Cardiff and the Valleys at War 1939–45 (Paperback)
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When Britain declared war on Germany on 3 September 1939, Cardiff and its surroundings, like every other city, town, hamlet and village in the country, sent forth large numbers of young men to fight against the oppression of Hitler and the Nazis. This is a story not only of the war itself, but of the way war affected those far away from the battlefields, and of how a nation stood together in the face of a seemingly unstoppable force.
The book pays particular attention to the way Welsh society changed during the war years, far reaching changes that are still felt in the country today. The book details the enormity of the human sacrifice paid by the people of Cardiff and its surrounding areas, but also contains many examples of the way ordinary people stood proud, defiant in their determination to bring about the downfall of the Nazis. Lavishly illustrated with over fifty original and modern-day photographs, this book is essential reading for anyone interest in military and social history.
WW II was a people's war and Gary Dobbs describes its impact on the docks and the South Wales coal mining communities. In the initial months of the war German bombers and tanks over-ran Norway, France, and Belgium, destroying their armies, quickly followed by the Japanese capture of Singapore, capturing more than 90,000 Allied troops. German troops stood poised on the channel ports, ready to invade Britain. German bombers stationed in France were within minutes flying time for targets in Britain. Including Welsh ports along the Bristol Channel and the munition factories re-equipping army losses in ill-fated battles.Richard Gough, author and historian
With men in the armed forces factory benches were manned by women. Britain's defence rested on a volunteer force of WW1 veterans a 'Dad Army' of Home Guard. Many would become part of a secret unit formed to attack German line of communication, WHEN not if, they invaded. The Womens' Voluntary Services and
a volunteer army of nurses were in the forefront of the people's war. Ships and power stations required coal dug out of pits in the South Wales valleys.
Gary Dobbs weaves an interesting social impact of women having their own money, not dependant on their husband's hand-outs. The social discontent when wives pay packets were more than their husbands earned, brought strikes for equal pay. Then the American soldiers came endearing themselves with chewing gum and silk stockings.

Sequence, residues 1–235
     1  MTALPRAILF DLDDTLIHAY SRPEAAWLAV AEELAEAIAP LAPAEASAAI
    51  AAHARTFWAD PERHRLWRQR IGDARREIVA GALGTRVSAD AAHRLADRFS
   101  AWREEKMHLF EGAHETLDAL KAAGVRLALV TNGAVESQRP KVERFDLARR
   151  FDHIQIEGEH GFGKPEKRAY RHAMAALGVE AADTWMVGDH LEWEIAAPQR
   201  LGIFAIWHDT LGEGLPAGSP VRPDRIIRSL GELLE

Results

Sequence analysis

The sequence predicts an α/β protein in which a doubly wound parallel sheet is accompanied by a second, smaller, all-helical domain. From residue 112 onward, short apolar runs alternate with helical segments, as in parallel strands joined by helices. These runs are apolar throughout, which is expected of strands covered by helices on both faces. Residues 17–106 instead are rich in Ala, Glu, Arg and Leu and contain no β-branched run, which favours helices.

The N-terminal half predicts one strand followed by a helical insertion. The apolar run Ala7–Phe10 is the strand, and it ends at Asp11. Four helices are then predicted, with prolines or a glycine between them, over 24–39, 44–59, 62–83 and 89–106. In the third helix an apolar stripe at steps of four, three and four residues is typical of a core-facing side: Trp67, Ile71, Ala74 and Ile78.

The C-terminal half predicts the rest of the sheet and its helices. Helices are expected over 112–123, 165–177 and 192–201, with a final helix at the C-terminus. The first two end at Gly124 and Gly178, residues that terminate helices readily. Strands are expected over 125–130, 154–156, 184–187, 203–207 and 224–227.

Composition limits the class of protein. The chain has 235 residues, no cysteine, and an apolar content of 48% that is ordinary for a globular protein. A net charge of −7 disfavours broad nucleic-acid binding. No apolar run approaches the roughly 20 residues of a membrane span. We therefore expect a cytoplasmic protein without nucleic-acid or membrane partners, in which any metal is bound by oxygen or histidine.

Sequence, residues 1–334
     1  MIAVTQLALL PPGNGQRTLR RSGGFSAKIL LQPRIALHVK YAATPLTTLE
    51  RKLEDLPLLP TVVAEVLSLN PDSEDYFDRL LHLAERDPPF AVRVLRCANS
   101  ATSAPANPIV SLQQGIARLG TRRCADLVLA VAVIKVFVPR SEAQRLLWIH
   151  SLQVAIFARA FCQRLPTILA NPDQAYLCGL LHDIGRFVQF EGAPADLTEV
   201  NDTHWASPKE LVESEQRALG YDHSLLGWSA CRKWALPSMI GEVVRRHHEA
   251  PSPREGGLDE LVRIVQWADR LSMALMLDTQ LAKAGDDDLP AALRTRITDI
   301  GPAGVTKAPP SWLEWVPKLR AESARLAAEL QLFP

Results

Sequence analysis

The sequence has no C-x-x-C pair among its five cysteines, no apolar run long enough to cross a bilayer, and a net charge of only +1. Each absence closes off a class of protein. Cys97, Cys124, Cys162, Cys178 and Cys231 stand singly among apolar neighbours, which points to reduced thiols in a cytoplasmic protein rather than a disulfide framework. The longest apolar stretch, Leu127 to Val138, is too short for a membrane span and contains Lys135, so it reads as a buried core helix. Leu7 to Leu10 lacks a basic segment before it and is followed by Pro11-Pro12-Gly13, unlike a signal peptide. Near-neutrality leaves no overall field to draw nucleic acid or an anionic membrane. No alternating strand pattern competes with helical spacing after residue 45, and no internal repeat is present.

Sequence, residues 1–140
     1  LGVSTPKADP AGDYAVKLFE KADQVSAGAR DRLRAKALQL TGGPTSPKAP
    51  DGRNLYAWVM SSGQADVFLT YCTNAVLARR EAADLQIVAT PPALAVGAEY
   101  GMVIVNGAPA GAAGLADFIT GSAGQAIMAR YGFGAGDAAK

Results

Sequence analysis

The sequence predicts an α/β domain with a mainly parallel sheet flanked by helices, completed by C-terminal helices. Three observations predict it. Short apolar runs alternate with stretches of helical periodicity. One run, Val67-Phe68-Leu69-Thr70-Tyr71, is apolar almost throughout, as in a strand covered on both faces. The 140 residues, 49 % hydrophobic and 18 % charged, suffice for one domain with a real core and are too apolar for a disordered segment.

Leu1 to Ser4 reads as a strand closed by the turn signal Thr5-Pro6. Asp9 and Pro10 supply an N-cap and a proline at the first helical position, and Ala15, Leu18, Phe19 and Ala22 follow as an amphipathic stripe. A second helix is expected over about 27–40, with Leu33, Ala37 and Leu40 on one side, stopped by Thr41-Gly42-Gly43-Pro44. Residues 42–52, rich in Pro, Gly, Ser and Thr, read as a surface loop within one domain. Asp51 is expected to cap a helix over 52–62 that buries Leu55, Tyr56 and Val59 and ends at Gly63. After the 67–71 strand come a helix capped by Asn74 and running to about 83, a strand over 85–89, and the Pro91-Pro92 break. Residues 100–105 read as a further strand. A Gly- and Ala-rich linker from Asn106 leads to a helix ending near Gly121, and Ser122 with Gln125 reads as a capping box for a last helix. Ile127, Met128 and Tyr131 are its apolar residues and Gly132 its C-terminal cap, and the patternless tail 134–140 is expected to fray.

Gary Dobbs 'Cardiff & the valleys at war', published by PEN AND SWORD MILITARY BOOKS , is a page turner. The book is supported by photographs' and useful list of dates of bombing raids over Cardiff, Swansea, and the welsh valleys.
I love that this book has a focus on local history, rather than a generalised national history, as I find local histories so much more relatable as I can recognise the names of places and maybe even people! Whilst I'm not from the Valleys myself, I do live quite nearby to Cardiff so it's great to learn more about the history of South Wales. This book is part of a series published by Pen and Sword called 'Your Towns and Cities in World War Two', so there might even be a book focused on your local area too!That Herstorian
This book is great for those with a general interest in the history of South Wales and WW2, but also for those studying the subject. For example, chapter 1 covers the impact of the Blitz on South Wales and includes some personal stories about families who were affected; but also includes a timeline of notable Luftwaffe attacks on South Wales which would make a great revision aid for students and is an easy way to find factual information.
Read the full review here
Will be of interest to anybody that resides or did reside in the Cardiff and surrounding areas. It is a fascinating offering of how life was like during the Second World War.Cardiff Times, May 2019
Article: 'New book details life in the city and valleys during wartime' as featured bySouth Wales Echo, 22nd February 2019 – words by Brian Lee